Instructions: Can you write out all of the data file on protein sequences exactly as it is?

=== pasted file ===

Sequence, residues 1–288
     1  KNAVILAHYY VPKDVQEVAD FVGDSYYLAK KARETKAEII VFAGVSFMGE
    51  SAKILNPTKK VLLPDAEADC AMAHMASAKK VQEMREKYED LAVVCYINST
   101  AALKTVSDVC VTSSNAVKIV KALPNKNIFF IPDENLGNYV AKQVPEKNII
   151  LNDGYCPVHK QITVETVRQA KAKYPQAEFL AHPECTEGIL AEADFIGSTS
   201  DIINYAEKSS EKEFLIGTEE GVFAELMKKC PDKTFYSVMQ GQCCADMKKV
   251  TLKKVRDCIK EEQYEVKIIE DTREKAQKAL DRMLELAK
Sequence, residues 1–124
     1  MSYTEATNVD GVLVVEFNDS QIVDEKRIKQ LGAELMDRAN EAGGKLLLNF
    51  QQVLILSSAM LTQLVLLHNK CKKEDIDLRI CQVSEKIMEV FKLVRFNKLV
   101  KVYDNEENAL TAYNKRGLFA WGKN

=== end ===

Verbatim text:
Sequence, residues 1–288
     1  KNAVILAHYY VPKDVQEVAD FVGDSYYLAK KARETKAEII VFAGVSFMGE
    51  SAKILNPTKK VLLPDAEADC AMAHMASAKK VQEMREKYED LAVVCYINST
   101  AALKTVSDVC VTSSNAVKIV KALPNKNIFF IPDENLGNYV AKQVPEKNII
   151  LNDGYCPVHK QITVETVRQA KAKYPQAEFL AHPECTEGIL AEADFIGSTS
   201  DIINYAEKSS EKEFLIGTEE GVFAELMKKC PDKTFYSVMQ GQCCADMKKV
   251  TLKKVRDCIK EEQYEVKIIE DTREKAQKAL DRMLELAK
Sequence, residues 1–124
     1  MSYTEATNVD GVLVVEFNDS QIVDEKRIKQ LGAELMDRAN EAGGKLLLNF
    51  QQVLILSSAM LTQLVLLHNK CKKEDIDLRI CQVSEKIMEV FKLVRFNKLV
   101  KVYDNEENAL TAYNKRGLFA WGKN